Opinion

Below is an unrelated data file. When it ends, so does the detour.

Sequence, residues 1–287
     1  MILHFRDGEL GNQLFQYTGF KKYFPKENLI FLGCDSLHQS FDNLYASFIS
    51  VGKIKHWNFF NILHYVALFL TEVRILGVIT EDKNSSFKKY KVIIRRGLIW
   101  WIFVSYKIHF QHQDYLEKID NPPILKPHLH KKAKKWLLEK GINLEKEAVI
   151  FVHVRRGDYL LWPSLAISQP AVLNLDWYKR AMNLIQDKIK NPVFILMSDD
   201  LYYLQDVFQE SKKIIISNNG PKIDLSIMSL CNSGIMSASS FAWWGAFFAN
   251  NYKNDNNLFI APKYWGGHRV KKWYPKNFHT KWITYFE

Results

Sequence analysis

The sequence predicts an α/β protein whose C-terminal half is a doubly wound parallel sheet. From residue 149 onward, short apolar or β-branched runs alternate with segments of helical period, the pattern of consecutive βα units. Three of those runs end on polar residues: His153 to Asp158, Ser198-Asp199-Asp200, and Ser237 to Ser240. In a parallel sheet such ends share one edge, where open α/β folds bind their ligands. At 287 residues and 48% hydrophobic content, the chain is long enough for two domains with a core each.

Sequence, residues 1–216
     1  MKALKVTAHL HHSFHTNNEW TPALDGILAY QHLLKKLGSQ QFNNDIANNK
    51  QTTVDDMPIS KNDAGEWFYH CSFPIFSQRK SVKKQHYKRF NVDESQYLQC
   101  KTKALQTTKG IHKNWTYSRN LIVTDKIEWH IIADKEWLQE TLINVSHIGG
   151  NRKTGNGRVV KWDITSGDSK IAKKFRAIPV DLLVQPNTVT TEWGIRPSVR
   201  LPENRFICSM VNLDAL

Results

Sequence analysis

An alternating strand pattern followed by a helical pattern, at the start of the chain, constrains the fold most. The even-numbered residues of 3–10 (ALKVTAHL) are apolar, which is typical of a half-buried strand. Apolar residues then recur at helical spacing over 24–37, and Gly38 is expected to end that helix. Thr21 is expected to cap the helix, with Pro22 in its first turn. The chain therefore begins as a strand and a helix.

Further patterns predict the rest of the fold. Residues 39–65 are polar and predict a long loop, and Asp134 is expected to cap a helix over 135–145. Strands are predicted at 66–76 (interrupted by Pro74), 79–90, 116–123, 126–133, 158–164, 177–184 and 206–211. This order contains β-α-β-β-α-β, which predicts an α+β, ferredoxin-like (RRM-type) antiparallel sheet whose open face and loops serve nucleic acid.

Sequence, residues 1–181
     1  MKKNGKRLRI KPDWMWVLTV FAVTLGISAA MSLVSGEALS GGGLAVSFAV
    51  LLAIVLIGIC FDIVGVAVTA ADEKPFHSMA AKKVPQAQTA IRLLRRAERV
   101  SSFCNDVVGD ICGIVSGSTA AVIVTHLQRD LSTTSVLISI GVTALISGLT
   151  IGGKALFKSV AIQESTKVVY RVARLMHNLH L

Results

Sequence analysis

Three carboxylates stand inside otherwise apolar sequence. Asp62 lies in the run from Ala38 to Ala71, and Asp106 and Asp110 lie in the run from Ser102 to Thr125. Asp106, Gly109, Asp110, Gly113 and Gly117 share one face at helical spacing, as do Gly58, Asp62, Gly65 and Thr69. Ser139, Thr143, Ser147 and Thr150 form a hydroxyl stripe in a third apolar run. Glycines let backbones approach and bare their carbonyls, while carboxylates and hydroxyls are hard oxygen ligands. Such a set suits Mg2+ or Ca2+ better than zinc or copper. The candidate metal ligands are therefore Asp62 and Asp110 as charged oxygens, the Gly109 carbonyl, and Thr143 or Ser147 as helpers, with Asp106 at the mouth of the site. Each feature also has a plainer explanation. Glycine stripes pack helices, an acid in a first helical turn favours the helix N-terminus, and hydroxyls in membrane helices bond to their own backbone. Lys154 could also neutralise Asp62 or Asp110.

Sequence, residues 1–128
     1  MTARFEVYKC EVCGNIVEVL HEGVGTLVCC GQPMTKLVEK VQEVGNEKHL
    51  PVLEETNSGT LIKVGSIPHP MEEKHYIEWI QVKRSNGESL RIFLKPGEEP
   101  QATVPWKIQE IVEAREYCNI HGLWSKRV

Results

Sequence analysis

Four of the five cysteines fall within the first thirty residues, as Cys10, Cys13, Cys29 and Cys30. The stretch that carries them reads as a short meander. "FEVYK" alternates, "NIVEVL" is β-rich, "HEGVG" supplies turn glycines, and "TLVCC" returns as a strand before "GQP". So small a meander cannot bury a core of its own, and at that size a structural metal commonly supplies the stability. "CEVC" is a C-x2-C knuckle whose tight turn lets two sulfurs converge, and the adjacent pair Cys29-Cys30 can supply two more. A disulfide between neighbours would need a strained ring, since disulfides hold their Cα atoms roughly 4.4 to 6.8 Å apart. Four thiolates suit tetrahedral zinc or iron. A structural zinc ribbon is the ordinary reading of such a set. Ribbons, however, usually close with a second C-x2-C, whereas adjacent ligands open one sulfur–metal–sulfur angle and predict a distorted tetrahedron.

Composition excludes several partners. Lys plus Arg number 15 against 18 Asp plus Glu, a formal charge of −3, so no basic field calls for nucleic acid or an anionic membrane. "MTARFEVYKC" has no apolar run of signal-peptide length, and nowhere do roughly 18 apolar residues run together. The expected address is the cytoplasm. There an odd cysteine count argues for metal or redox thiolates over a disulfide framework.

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"Freeland, Clinton need informationMembers of the Freeland Subarea Planning Committee are correct to be irritated with Island County government for not keeping them current with development ideas proposed for their community.No doubt, members of the Clinton Subara Planning Committee have similar concerns.Here we have two all-volunteer, county-appointed citizens panels charged with planning their communities' future, while members may not even know of some project in the works that could seriously impact that future.In Freeland, the main concern is a major gas station and associated commercial project planned for the corner of Fish Road and Highway 525. It will be situated in what is now the last open field in the south side of the highway, in what some might consider a wetland area. Such a development will certainly impact Freeland's future visually and environmentally, and yet it caught the town's planners by surprise. One commented that the project was in the works for nine months in Coupeville before the public was notified.The citizen planners in Freeland and Clinton can't do their jobs unless they're fully informed of projects from their earliest stages. Citizens can't be blamed if they suspect that the county commissioners prefer to keep us in the dark about development projects. They've dragged their heels in planning for years, thereby allowing residential subdivisions and commercial developments that might have be ruled out in an open, local planning process.We don't need to spend the time and money to write a new ordinance or review standards to let people know what's happening in their own communities. All we need is an order from the top, from Commissioners Mike Shelton and Mac McDowell, specifically, to tell people what's going on. (We leave out newly-elected Bill Thorn because he's not responsible for the planning delays).Furthermore, no subdivision, multi-family or commercial development within the Freeland and Clinton planning areas should be allowed to proceed before the appropriate planning committee is notified and given time to comment.Local control of planning is something we've needed for years, but the idea has always met with resistance from the powers that be in Coupeville. They've finally given us the committees, but they're kept in the dark. It's past time for those committees to get all the information they need to plan for the future.Administrator plan needs close studyLangley residents deserve a full airing of plans to hire a city administrator to take over every-day duties of running the city.The idea of a city manager has always made some sense, especially in a city with such a limited pool of possible mayors. These are complex times, and although Langley is a tiny city of just over 1,000 people, it must meet most of same state and federal regulations of cities many times its size. A part-time elected mayor with a token salary can't be expected to keep up with it all.Nevertheless, Langley citizens need a clear stating of the role of the new administrator and the chain of command. If he or she answers only to the mayor, could this imbue the mayor's office with too much power? Plans apparently are to have the mayor recommend the administrator, with the city council making the final hiring decision. But what if the council sees a better person in the pool of applicants? Apparently, as things now stand, their only choice is to accept or reject the mayor's single recommendation. And how about firing the administrator? Is this job left up to the mayor, or could the council do it on its own, over the mayor's objection? Hopefully the latter, because an administrator answerable mainly to the mayor could abuse his or her power.Other questions arise also. With an administrator, will we still need to pay $14,000 annually to the elected mayor? Plans are to start with a part-time administrator but we could get more hours immediately by adding the mayor's salary to the starting pay. With a good administrator, the mayor's job could diminish to simply broad oversight and ceremonial functions. The public should know exactly how the mayor plans to spend his time after the administrator is hired. Perhaps we're ready to return to the long tradition of an unpaid mayor in Langley.The council should publicly answer these and a myriad of other questions Langley citizens might have before adding an administrator to the staff. Citizens should urge them to do provide these answers, beginning at the next council meeting on Wednesday, April 5 at 6:30 p.m. at City Hall."

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